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A Brief History of Frodsham

Liverpool and Manchester Sanatoria

Two sanatoria were built at Kingswood, Delamere Forest, Cheshire, at the beginning of the twentieth century for treating pulmonary tuberculosis (TB).

  1. Crossley Sanatorium or Crossley (East) Hospital or the Manchester Sanatorium: opened in 1905 with accommodation for 90 to 100 patients. Redeveloped in 2007 as Kingsley Park.
  2. Liverpool Sanatorium: founded in 1901 with about 50 beds. Referred to as Crossley (West) Hospital when, after the introduction of the NHS in 1948, the two sanatoria were managed as a single entity.

Crossley Sanatorium

Built 1903–1905. Opened 31 March 1905 as part of the Manchester Hospital for Consumption and Diseases of the Throat and Chest. It was largely funded by Sir William Crossley of the Manchester carpets and motor businesses. It had 66 acres of grounds and could accommodate up to a hundred patients. The buildings include the main Sanatorium block with three storeys and a basement; attached kitchens, dining rooms and chapel; nurses’ home; boiler house; mortuary, other out-buildings and some more recent buildings. The buildings of Crossley Hospital East and about 33 acres of land were part of the Crown Estate until 2006.

Kelly’s Directory for Cheshire of 1934 records Gilbert Heathcote LRCP&S(Edin), LRFPS(Glas) as medical director; C W Hunt as secretary and Mrs E Heathcote as matron.

The Crossley Sanatorium, situated in Delamere Forest in this township, occupies a site of some sixty-six acres, with a south aspect and at an elevation of 480 feet above sea level, and commands magnificent views o( the Cheshire plains and distant mountain scenery. The Sanatorium, the facade of which is 300 feet long and three storeys in height, was opened on March 31st, 1905, and is available for 100 patients. The building contains two large recreation or day rooms, a spacious dining hall, used also for entertainments, wards for four or six beds, single bed rooms, bath and douche rooms, and operating theatre, research block, a nurses’ home, and a chapel, in which a Church of England chaplain conducts Divine service on Sundays. Attached to the Sanatorium are stables, a laboratory, engine and pump houses, a laundry and kitchens, and to the south of the building, in the grounds, are numerous shelters, some fixed and others revolving; these are provided with lounge chairs, tables and electric light, so that patients can sit out and read in dark evenings. The Sanatorium is 3 miles from Mouldsworth station and 3½ from Frodsham.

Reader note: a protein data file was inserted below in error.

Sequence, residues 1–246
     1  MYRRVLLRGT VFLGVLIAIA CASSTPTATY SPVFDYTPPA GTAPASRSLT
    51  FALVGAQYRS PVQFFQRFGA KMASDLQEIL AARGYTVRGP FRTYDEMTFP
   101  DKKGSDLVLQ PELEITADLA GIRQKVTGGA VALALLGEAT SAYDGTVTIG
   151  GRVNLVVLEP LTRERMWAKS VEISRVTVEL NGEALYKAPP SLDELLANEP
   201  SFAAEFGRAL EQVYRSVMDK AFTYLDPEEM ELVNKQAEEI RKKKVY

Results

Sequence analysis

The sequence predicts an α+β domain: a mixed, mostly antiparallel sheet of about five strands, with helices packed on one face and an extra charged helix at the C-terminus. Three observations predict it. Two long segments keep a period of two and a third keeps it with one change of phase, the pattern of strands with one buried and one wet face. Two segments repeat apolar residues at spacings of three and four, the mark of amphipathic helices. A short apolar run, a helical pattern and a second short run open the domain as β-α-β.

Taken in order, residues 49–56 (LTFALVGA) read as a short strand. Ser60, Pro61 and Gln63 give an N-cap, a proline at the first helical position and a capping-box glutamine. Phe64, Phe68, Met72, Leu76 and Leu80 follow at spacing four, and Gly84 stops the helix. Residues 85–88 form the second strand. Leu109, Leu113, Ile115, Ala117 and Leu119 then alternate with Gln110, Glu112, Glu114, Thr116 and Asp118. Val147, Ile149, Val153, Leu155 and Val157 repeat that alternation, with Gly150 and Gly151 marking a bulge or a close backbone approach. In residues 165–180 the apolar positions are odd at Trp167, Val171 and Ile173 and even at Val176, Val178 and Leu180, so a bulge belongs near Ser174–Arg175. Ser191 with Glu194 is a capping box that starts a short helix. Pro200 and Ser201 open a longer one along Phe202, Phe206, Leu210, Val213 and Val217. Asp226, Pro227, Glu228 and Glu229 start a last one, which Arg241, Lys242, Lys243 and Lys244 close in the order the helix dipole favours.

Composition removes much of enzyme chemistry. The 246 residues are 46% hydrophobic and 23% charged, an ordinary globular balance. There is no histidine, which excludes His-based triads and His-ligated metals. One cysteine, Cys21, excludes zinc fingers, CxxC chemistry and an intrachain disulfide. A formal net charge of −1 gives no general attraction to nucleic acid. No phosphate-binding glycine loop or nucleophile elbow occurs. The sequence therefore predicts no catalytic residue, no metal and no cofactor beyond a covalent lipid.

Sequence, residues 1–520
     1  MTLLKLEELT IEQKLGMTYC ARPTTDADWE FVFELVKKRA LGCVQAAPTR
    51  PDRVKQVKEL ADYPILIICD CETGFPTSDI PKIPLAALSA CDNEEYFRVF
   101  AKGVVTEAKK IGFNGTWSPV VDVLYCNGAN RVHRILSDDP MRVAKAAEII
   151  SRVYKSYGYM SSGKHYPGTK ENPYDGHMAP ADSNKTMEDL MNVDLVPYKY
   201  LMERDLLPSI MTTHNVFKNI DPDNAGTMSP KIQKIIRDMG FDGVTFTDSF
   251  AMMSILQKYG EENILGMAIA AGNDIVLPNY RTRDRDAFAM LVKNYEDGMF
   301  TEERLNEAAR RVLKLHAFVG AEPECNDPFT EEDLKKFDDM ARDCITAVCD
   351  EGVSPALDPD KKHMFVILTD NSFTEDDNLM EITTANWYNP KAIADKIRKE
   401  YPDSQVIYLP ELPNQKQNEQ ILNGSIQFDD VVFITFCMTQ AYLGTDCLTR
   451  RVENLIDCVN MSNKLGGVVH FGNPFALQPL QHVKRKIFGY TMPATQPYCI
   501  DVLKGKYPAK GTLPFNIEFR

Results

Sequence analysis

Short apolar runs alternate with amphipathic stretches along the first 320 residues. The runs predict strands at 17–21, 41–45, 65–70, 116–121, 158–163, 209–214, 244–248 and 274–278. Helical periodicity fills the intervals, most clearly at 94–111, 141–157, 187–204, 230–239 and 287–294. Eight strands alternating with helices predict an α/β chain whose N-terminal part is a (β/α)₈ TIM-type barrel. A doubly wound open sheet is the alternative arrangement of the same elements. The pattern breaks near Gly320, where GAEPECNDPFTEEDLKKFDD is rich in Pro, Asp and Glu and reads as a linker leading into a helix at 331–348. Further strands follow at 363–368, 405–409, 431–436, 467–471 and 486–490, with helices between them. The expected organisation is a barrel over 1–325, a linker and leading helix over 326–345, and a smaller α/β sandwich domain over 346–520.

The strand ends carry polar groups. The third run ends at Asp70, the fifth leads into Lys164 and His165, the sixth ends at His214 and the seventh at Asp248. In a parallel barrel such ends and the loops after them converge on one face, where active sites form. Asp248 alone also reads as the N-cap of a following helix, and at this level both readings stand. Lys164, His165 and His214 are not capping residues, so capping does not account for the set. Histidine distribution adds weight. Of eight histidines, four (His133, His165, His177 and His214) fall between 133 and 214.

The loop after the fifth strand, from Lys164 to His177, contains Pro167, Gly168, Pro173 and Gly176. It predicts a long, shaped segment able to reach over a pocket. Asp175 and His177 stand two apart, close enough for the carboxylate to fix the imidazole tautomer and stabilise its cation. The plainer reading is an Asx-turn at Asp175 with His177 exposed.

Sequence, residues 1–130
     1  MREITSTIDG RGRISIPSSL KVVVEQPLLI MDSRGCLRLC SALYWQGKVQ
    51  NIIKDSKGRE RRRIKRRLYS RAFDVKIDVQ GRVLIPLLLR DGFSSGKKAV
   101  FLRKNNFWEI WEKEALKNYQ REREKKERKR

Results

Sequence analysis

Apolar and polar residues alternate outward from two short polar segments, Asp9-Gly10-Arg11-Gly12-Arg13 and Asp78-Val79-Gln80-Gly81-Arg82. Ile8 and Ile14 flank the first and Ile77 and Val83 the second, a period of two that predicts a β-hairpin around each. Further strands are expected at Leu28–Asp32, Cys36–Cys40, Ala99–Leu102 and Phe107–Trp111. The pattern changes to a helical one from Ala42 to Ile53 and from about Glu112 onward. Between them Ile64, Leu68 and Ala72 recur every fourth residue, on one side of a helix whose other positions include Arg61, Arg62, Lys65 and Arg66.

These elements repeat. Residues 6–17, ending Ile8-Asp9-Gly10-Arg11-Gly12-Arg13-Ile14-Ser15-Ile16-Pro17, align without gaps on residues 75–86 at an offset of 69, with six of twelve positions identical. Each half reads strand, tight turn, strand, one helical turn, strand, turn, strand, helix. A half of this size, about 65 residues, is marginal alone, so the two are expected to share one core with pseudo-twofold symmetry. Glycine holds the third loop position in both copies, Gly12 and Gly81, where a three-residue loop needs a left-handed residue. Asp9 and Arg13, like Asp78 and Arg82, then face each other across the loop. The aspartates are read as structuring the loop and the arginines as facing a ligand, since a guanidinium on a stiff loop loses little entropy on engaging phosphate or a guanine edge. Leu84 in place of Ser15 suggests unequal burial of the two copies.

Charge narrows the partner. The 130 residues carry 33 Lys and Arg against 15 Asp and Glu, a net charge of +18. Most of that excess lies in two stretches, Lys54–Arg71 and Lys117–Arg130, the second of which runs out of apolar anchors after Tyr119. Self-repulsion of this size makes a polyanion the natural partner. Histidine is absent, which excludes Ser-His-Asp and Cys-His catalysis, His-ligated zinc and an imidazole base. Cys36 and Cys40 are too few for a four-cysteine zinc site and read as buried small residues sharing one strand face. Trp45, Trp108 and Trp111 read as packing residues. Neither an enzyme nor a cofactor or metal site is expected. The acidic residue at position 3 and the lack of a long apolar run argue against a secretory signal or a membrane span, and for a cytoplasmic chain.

The availability of antibiotics effective against TB in the late 1940s saw the decline of the sanatoria. Patients no longer needed to spend two years or more at the sanatorium. In 1948 Crossley Sanatorium was transferred by the Minister of Health to Liverpool district. The Chairman of the Manchester Board, Sir Kenneth Crossley, wrote to the minister on 29 April 1948 regretting the transfer. Crossley Hospital then went through a number of changes of speciality. Its final years, until closing in 1988, were as a psychiatric hospital. The site has been unused since about 1993.

The main buildings are Grade II listed. In 2005 the then local authority, Vale Royal, produced a planning brief for development of the site. The Crown Estate expected that the only viable use of the site will be residential. In January 2007 the PR company Bell Pottinger North issued a release entitled Kingsley Park: New lights in old windows. The first two paragraphs were: